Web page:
Hyundai Tucson adds direct-injection engine | SummitDaily.com

Hyundai Tucson adds direct-injection engine

Andy Stonehouse
Mountain Wheels

“That is totally driving you crazy, isn’t it?” asked my friend Dan, as we headed up a series of Berthoud Pass-styled curves in the Hyundai Tucson.

In the back, an unsecured 12-pack box of microbrew beers gaily slid from one side of the evidently slickly carpeted cargo area to the other, clinking and clanking. Over and over again, like set dressings from the movie “Titanic.” That particular impact of the relatively small vehicle’s high center of gravity didn’t seem to faze him much, but it did indeed drive me out of my mind.

Such is part of the deal with life in the cute ‘ute class, where short wheelbases and stocky stature sometimes make for precarious conditions.

But the 2014 model of the Tucson I drove this summer, with 2015 models now available, manages to imbue a tiny package with a decent amount of style and passenger comfort, though I recommend you secure your goods in a more fulsome manner.

The SE model I got to drive was outfitted with electronic all-wheel drive and was powered by a 2.4-liter four-cylinder engine, producing 180 to 182 horsepower (power drops in the PZEV-rated model). The gasoline direct injection system that Hyundai touts as its particular contribution to vehicular efficiency does allow the 3,294-pound machine to move pretty well, and got me as much as 29 MPG on the highway. The other option, also direct injection, is a 2.0-liter engine rated for 164 horses.

Once I dropped off my friend and cleared out the cargo deck, I was able to appreciate Tucson’s attributes a little more closely — and it’s quite a well-sorted little machine, for those of you testing the waters with competitors like the RAV-4, CRV or Escape.

And while it’s not exactly a sports car, I appreciated the way the Tucson was able to enthusiastically hold a curve and keep a steady pace on climbs, with a smooth six-speed automatic (shiftronically driver-manipulated, should you want to do so) helping to ease the overall experience.

Tucson’s overall design aesthetic is also quite charming, though it may look like a tall and slab-sided variation on the Lexus RX models — but at $26,000, is clearly a thoroughly different animal.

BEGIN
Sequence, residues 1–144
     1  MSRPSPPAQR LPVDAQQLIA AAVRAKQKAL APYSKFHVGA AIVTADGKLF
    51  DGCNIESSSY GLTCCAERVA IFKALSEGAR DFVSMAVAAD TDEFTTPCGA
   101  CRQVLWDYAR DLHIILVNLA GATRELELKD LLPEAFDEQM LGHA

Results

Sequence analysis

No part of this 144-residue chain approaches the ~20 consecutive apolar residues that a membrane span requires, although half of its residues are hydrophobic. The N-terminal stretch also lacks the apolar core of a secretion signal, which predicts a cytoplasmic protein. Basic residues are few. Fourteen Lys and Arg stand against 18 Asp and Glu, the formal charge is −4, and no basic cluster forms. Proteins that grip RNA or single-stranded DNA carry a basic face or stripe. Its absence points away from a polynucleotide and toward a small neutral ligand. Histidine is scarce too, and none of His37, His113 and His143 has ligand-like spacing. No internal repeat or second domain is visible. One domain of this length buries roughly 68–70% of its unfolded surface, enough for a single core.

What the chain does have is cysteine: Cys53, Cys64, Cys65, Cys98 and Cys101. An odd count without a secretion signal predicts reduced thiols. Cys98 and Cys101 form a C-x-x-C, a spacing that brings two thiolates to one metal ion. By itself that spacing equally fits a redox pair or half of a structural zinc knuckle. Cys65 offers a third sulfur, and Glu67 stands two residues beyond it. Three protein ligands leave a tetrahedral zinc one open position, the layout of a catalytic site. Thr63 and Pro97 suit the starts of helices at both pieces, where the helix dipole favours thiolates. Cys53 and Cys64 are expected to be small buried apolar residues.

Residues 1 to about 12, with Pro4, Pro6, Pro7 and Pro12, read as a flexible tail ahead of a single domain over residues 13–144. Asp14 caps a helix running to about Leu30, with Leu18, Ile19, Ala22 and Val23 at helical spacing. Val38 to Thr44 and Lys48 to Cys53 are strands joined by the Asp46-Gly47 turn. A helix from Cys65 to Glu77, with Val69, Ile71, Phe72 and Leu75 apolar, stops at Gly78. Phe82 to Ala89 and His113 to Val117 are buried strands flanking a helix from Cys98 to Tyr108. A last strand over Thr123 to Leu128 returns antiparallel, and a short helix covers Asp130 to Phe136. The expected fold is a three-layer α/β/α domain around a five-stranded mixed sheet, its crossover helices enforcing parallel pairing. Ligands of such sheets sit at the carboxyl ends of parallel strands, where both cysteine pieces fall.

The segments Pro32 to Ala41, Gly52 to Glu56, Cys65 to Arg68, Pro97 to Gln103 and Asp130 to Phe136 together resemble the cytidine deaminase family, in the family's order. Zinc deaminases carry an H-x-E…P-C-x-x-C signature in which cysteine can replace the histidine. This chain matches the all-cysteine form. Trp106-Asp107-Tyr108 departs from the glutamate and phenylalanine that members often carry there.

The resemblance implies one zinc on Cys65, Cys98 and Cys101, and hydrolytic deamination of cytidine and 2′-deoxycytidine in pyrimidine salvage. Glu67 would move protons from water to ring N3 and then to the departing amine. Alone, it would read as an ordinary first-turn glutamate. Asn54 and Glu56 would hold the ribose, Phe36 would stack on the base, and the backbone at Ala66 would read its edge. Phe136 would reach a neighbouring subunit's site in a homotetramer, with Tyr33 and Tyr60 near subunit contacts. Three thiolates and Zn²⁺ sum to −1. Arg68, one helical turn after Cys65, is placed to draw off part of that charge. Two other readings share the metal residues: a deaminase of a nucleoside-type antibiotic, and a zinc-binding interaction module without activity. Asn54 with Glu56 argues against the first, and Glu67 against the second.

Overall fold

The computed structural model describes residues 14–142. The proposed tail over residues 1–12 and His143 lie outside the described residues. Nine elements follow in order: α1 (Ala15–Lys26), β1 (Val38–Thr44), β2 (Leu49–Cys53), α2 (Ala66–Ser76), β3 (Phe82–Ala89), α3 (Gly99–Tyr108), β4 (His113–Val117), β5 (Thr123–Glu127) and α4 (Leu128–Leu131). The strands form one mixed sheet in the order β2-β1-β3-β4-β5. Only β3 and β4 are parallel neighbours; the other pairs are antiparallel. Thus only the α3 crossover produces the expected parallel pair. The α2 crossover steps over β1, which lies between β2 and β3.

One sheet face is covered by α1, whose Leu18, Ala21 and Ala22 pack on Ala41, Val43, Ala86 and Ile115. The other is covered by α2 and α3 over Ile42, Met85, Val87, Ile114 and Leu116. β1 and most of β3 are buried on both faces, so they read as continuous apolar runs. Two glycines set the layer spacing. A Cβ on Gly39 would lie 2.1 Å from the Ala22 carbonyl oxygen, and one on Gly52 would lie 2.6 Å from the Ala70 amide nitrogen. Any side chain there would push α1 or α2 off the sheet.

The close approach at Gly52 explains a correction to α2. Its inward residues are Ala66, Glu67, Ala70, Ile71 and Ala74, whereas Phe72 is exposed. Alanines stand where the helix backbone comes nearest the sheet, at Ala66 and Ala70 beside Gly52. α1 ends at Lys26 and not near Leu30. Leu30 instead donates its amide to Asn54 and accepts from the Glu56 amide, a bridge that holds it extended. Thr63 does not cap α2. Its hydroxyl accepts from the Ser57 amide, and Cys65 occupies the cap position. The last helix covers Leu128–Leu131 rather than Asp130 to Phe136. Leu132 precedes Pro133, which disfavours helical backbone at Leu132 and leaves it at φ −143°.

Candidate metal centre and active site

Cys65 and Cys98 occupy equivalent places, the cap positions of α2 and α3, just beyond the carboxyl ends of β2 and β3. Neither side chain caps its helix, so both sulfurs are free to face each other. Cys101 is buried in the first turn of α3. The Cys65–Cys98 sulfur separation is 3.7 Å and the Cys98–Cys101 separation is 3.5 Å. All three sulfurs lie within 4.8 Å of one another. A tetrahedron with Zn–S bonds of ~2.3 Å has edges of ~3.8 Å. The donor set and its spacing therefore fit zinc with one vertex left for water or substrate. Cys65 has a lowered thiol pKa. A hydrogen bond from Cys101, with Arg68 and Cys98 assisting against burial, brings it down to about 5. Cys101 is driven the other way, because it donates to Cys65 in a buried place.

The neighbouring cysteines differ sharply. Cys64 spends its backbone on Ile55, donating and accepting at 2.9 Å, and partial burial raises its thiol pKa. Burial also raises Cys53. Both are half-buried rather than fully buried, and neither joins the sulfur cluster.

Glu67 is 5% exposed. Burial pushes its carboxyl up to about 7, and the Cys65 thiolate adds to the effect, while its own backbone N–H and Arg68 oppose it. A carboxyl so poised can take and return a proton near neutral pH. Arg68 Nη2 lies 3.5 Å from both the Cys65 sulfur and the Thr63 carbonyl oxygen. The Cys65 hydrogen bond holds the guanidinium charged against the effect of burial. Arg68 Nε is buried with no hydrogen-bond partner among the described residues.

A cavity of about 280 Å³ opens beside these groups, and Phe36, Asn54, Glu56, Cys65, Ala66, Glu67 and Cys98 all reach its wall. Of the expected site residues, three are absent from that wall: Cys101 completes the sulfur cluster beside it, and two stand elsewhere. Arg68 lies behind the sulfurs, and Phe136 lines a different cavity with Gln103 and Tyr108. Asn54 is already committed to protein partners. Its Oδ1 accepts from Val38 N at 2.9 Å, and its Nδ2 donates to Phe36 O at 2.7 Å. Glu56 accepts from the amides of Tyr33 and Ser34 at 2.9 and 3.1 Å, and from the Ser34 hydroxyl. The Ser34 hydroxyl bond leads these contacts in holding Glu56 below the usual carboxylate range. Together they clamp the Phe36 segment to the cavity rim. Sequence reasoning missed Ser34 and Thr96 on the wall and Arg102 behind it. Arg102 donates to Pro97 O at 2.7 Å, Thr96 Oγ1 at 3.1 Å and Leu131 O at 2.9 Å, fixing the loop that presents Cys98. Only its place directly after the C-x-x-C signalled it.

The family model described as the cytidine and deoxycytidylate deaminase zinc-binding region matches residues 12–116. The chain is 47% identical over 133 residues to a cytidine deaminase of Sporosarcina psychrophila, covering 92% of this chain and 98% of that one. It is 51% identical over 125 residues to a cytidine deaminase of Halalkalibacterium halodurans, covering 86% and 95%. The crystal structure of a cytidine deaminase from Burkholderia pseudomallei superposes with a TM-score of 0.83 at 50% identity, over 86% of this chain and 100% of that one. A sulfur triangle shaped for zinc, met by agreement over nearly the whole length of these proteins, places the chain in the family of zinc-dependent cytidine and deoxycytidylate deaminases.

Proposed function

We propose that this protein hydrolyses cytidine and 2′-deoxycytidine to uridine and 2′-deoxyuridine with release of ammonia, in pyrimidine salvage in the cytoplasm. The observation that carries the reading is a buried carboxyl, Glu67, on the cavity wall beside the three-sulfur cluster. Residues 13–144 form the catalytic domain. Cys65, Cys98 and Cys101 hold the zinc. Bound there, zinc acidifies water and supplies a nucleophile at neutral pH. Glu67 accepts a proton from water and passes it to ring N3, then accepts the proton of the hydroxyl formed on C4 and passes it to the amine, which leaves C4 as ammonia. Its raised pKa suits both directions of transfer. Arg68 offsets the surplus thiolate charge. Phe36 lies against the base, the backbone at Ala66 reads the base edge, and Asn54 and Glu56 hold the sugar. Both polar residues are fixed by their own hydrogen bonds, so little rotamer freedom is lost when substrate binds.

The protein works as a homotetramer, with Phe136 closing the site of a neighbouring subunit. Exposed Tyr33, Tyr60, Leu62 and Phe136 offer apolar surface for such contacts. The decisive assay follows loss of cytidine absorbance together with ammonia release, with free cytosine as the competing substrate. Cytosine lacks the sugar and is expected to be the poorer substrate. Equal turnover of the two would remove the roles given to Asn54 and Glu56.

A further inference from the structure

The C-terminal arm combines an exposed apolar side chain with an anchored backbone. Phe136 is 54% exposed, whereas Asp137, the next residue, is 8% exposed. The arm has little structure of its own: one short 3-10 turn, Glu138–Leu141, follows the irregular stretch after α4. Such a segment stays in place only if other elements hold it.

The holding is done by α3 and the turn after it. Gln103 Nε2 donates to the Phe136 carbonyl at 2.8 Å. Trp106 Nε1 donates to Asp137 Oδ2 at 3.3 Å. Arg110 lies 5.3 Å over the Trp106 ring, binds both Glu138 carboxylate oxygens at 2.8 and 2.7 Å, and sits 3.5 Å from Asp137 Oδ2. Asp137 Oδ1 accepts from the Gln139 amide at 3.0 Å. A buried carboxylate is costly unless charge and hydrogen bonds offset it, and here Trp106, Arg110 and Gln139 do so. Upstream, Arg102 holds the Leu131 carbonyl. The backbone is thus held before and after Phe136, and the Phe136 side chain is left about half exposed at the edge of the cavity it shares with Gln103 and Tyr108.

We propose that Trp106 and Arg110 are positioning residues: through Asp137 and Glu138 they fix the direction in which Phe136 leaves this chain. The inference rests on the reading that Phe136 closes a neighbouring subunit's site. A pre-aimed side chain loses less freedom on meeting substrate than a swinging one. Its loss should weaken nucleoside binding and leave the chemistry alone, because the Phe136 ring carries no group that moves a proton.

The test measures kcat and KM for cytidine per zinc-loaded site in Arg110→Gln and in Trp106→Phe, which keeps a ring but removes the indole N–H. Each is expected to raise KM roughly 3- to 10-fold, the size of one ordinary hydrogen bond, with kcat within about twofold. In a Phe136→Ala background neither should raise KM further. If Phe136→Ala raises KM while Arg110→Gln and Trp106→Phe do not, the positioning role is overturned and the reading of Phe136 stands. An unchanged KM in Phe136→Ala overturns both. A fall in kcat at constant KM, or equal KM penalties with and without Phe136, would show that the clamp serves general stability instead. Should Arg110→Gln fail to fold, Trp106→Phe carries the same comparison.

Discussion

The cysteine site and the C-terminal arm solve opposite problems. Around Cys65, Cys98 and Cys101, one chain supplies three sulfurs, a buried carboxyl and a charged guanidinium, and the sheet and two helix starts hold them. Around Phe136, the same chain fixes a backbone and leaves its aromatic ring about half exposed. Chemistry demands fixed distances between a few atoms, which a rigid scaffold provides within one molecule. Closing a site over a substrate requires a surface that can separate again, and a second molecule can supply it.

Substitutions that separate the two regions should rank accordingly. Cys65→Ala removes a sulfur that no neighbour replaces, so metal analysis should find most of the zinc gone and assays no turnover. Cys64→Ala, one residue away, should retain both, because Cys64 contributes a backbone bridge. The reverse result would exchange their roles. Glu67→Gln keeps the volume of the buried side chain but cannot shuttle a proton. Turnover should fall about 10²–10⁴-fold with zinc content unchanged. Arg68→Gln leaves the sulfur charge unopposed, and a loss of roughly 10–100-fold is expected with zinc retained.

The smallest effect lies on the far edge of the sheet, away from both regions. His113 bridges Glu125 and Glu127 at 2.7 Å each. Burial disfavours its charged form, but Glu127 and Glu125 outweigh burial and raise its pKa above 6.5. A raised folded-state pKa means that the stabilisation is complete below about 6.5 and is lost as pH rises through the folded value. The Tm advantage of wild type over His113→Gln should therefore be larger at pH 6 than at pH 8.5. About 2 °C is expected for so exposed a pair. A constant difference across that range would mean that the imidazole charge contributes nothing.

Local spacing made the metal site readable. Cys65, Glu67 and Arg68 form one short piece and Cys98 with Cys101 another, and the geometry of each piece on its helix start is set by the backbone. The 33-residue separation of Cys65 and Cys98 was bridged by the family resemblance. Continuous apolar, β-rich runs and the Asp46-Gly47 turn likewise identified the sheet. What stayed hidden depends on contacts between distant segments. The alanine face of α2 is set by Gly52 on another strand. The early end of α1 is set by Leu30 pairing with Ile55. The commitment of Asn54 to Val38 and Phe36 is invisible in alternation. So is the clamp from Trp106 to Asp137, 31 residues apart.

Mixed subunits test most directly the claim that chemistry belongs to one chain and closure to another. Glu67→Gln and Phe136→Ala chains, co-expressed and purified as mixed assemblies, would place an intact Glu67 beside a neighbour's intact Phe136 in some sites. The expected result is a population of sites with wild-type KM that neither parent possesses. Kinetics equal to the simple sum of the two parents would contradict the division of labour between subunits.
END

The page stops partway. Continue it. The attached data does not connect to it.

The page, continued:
New LED-edged projector headlamps, a small body-colored hexagonal grille and a low-to-the-road nose make the Tucson appear nearly Volkswagenesque; my SE model’s attractive smoked-alloy 17-inch wheels and Tucson’s standard (and very prominent) rock guards at the bottom of the doors help to accentuate the prominent curves in the body line. Higher-end versions of the Tucson get additional chrome accents on the grille and door handles.

Large, light doors allow effortless access in front and back, and the driver’s seat position is tall, maybe just a little too tall for my liking. In the rear, seatbacks now recline a bit to give your rear passengers a more comfortable experience.

The interior design, still heavy on the plastics, does get plenty of style points, including swoopy cowls over the instruments. They’ve even added those Volvo-inspired open arches in the center console. And a full-cabin panoramic sunroof also opens the entire vehicle up for more light and feeling of … additional largeness.

Somewhat more than light-duty off-roading can be dialed up with hill-descent control and a switch to lock the center differential for full 4WD traction; just don’t confuse the prominent round button on the center console with a pushbutton start, it’s actually the rear defrost control.

As a sign of Hyundai’s forward-thinking, a limited number of dedicated hydrogen fuel cell versions of the Tucson will be available in California — perhaps a sign of things to come in the distant future in Colorado. The intriguing “Walking Dead” special edition shown here, great for zombie hunters, was also an unconventional offering this year.


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